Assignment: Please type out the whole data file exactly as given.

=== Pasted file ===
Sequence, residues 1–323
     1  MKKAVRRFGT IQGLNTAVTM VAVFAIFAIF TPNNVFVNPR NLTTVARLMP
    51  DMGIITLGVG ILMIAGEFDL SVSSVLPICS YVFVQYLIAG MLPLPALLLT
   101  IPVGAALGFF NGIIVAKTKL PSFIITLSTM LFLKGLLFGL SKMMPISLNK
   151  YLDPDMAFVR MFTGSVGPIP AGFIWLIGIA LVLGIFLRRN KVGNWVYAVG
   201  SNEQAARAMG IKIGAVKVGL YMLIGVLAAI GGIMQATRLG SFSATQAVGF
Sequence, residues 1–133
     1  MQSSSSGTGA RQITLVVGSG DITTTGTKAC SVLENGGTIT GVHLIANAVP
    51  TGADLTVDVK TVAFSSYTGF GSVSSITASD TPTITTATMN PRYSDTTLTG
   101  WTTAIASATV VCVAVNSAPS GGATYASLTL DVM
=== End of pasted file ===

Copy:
Sequence, residues 1–323
     1  MKKAVRRFGT IQGLNTAVTM VAVFAIFAIF TPNNVFVNPR NLTTVARLMP
    51  DMGIITLGVG ILMIAGEFDL SVSSVLPICS YVFVQYLIAG MLPLPALLLT
   101  IPVGAALGFF NGIIVAKTKL PSFIITLSTM LFLKGLLFGL SKMMPISLNK
   151  YLDPDMAFVR MFTGSVGPIP AGFIWLIGIA LVLGIFLRRN KVGNWVYAVG
   201  SNEQAARAMG IKIGAVKVGL YMLIGVLAAI GGIMQATRLG SFSATQAVGF
Sequence, residues 1–133
     1  MQSSSSGTGA RQITLVVGSG DITTTGTKAC SVLENGGTIT GVHLIANAVP
    51  TGADLTVDVK TVAFSSYTGF GSVSSITASD TPTITTATMN PRYSDTTLTG
   101  WTTAIASATV VCVAVNSAPS GGATYASLTL DVM